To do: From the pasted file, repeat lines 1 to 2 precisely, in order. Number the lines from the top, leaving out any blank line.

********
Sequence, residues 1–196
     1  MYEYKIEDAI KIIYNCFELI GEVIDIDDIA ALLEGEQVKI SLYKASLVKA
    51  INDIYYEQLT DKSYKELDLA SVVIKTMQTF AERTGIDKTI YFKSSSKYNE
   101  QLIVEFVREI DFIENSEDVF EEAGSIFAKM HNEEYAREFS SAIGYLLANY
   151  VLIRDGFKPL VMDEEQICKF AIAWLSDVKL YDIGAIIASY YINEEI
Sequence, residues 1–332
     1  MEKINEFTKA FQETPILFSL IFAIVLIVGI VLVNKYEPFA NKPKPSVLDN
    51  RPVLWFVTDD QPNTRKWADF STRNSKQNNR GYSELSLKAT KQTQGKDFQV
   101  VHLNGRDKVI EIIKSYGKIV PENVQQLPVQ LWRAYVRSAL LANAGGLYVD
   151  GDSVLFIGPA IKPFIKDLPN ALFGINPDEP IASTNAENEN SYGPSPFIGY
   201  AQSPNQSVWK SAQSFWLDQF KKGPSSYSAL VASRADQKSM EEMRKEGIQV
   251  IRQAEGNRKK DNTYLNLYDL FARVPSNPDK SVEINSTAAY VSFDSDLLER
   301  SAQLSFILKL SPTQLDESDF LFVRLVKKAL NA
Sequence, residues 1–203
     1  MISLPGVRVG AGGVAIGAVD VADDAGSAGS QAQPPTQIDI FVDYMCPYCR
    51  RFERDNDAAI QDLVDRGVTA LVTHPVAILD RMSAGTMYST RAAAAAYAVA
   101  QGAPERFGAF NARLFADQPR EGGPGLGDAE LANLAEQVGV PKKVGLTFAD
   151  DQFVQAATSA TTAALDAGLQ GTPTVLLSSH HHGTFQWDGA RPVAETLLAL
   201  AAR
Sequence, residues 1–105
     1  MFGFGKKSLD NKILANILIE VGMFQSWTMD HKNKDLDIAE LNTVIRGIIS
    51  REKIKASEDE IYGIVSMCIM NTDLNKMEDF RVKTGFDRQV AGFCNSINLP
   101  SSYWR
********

Sequence, residues 1–196
     1  MYEYKIEDAI KIIYNCFELI GEVIDIDDIA ALLEGEQVKI SLYKASLVKA